“It’s a program that’s been in place for more than 40 years,” Latia Duncombe, Director General of The Bahamas Ministry of Tourism, Investments & Aviation, told Offshore. “It’s a day in the life of a Bahamian. You’re moving away from the commercial, touristic components and you’re getting immersed into culture — whatever the local does is what the visitor does. It is true culture; it’s who we are as a people. It’s being prepared to share that authentic element of being a Bahamian, something you can’t find anywhere else in the world.”

Connecting with locals

Thirteen kilometres off the shore of Grand Bahama, I’ve connected with another Bahamian resident who is just as passionate about the destination and sharing his knowledge.

Although the Bahamas is known around the world as the place where tourists can come to swim with pigs, I’m here for a different kind of wild encounter — to meet the man known as the pied piper of stingrays.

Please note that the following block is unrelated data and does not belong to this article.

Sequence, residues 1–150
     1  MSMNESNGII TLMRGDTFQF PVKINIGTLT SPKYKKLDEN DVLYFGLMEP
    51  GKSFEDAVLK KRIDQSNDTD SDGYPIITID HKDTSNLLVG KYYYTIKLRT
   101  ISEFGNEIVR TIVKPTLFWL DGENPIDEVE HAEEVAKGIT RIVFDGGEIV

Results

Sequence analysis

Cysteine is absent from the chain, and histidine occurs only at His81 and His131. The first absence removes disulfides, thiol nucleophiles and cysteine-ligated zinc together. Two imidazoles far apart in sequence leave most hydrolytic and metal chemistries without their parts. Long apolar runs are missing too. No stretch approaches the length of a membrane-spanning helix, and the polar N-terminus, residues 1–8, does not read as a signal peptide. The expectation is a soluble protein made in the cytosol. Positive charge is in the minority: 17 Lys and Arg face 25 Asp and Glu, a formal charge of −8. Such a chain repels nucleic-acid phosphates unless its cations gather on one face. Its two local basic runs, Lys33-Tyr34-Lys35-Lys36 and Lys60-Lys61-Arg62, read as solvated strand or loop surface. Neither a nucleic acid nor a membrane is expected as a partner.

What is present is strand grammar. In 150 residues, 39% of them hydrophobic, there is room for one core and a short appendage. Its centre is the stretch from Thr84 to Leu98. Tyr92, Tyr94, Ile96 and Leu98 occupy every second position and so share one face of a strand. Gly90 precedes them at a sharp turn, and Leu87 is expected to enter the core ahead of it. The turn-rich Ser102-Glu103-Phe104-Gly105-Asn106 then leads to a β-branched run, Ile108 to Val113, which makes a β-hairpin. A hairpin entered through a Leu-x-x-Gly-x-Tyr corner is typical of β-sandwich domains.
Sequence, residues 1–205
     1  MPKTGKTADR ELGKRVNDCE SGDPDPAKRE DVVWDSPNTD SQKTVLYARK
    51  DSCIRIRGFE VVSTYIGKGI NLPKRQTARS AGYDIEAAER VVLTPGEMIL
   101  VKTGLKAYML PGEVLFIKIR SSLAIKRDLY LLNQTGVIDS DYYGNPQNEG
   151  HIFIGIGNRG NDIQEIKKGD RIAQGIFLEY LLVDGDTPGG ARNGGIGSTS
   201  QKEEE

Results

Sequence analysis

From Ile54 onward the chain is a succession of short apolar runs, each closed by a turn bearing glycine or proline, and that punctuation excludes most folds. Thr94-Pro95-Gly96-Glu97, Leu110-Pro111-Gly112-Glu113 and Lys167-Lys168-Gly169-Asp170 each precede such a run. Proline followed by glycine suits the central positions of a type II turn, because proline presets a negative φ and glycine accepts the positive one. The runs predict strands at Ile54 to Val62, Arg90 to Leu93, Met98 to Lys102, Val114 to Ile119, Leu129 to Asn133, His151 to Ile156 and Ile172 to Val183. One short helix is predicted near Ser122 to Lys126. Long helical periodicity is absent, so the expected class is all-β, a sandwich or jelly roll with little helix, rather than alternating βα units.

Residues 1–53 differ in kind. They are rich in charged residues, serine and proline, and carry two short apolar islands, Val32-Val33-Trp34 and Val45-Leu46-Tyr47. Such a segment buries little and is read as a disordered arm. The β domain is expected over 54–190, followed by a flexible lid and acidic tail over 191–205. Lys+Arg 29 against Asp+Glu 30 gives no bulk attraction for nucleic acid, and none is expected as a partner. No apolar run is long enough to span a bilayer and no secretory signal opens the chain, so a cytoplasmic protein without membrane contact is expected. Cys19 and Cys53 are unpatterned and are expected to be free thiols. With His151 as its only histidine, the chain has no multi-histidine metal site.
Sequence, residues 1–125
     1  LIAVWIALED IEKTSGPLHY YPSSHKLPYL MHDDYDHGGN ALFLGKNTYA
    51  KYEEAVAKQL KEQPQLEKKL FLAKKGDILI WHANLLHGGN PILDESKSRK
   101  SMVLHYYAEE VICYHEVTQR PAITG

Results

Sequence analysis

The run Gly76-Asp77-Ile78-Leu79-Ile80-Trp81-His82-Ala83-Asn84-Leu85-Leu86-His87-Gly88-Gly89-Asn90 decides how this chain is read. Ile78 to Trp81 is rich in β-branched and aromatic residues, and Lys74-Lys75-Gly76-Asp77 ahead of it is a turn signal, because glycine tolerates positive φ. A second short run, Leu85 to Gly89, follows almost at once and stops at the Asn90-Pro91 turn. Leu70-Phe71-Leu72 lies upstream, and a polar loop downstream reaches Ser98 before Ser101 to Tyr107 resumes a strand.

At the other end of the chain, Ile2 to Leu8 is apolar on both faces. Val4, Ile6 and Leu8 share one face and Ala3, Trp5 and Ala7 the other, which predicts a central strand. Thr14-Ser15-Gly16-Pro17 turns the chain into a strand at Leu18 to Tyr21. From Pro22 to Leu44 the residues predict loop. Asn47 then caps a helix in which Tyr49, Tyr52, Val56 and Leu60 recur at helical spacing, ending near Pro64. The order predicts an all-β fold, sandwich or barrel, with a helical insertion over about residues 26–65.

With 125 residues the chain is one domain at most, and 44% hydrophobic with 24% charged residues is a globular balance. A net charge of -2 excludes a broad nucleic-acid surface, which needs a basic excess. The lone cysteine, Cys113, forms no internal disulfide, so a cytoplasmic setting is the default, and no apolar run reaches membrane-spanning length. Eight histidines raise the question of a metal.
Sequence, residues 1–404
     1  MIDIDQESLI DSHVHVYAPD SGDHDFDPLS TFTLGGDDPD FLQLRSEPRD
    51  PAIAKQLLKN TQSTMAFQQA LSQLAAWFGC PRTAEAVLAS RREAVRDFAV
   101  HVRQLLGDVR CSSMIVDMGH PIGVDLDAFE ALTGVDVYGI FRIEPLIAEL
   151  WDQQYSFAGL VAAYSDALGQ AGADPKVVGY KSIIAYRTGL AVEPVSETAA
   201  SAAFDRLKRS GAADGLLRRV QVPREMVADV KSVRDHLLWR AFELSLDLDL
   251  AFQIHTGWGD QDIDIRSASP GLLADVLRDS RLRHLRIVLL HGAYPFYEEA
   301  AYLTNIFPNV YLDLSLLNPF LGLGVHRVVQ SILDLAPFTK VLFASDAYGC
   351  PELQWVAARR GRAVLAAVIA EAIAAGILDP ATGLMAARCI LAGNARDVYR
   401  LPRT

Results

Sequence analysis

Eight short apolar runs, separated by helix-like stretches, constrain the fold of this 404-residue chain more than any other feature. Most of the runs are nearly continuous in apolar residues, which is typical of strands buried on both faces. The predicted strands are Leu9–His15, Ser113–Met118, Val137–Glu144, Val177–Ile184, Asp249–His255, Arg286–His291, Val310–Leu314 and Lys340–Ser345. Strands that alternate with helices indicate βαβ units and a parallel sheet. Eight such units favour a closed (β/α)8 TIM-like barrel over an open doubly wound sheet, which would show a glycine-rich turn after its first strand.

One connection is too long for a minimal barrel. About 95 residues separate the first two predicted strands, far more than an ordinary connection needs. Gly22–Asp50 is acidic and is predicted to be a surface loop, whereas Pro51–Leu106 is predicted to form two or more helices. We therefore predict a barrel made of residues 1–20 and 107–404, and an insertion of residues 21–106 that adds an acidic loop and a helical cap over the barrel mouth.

From the moment Keith Cooper of West End Ecology Tours steps off the boat at Sandy Cay, a dozen stingrays with names like Stubby, Hard Wire, Lunatic, Scratch, Big Momma and Little Momma, instinctively swarm him.

Keith Cooper

“They’re touching my leg with their sensors because they know who I am, they remember who I am and because of the special bond I have with them. They trust me as much as I trust them,” he said, adding that stingrays often get a bad rep for being dangerous. “More than 9,000 visitors have participated in the Stingray Experience Tour and no one has ever been stung by a stingray… when the protocols are followed, guests will have one of the most unique encounters with marine life they have ever experienced.”